Both “constitutions” have been equally touted under the banners of what we know as American exceptionalism with the second version gradually entrenching itself as the mainstay of the new “progressive neoliberal” cosmopolitan vision that dwells on America’s historical failings and denounces the former as a morally backward kind of “white supremacist” ethno-nationalist nostalgia that refuses to adapt to a new multiculturalist and racially heterogeneous global reality.
Caldwell may well be overstating the issue when he deems the new “liberationist” sensibility that arose among the so-called New Left during the 1960s (what the right today tendentiously, but misleadingly has named “cultural Marxism”) has functioned as a “constitutional” canon for both legal and social transformation. The Civil Rights action of 1964 did not specify new “rights” so much as it crisply defined an unqualified measure of recognition and protection for certain classifications of people who had historically been scanted, or excluded, under the generic rubrics of the original United States Constitution.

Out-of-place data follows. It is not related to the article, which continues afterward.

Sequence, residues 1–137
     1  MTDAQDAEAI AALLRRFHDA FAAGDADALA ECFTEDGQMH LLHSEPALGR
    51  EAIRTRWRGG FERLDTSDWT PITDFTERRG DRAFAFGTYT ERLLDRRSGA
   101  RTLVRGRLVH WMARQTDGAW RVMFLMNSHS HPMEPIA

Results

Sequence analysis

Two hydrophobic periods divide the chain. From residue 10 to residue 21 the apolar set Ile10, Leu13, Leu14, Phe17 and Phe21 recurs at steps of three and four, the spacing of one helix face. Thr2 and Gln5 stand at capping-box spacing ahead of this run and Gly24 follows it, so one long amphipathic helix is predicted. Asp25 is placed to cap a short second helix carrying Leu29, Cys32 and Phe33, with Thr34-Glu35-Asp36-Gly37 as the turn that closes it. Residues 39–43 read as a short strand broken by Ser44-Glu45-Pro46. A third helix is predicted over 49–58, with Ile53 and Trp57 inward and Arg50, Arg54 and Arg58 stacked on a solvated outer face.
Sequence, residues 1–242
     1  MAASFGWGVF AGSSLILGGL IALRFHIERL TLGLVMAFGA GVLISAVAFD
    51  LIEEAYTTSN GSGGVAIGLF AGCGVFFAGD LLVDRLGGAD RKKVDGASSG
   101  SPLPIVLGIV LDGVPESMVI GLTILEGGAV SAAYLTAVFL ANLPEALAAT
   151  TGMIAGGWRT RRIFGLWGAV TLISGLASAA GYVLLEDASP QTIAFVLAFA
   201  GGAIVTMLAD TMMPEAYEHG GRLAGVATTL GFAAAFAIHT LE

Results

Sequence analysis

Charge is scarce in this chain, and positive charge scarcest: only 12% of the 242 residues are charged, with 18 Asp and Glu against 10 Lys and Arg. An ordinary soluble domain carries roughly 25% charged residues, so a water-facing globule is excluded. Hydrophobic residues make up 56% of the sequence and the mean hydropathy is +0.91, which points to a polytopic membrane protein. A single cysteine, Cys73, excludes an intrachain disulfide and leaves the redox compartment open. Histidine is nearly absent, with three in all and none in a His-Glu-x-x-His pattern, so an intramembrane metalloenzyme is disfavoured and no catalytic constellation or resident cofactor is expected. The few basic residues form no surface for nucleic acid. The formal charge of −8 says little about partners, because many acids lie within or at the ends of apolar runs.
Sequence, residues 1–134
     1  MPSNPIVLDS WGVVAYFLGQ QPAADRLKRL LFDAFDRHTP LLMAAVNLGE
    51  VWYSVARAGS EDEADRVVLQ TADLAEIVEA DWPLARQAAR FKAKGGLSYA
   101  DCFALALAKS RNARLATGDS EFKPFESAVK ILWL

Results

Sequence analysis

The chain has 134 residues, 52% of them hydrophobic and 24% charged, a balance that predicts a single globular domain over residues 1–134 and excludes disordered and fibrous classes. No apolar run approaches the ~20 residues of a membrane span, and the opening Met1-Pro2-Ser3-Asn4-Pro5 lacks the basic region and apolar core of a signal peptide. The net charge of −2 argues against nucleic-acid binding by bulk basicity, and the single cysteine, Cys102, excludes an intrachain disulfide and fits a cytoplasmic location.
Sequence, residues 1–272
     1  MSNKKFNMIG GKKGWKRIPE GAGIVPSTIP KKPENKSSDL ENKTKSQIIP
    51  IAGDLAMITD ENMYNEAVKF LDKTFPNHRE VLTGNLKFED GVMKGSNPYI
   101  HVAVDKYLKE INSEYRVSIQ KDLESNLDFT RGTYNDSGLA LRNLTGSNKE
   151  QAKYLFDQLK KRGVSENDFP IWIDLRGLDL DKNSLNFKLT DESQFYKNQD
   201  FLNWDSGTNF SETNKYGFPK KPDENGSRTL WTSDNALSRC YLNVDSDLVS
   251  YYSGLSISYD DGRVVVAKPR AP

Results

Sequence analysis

But what he does bring to light through his extremely rich and nuanced narrative of the period following passage of the legislation is the way in which what was initially a changed juridical framework for the rectification of historical injustices turned into a broader kind of “deep framing” (in George Lakoff’s phraseology) for the emergent self-image of the new transnational “knowledge classes.” As both Caldwell and Klein underscore, this gradual displacement of deep cultural frames has coincided in America with the re-alignment of political parties since the Sixties, all the while embedding their actual politics within incompatible and clashing world visions that can only stoke every intensifying partisan fury.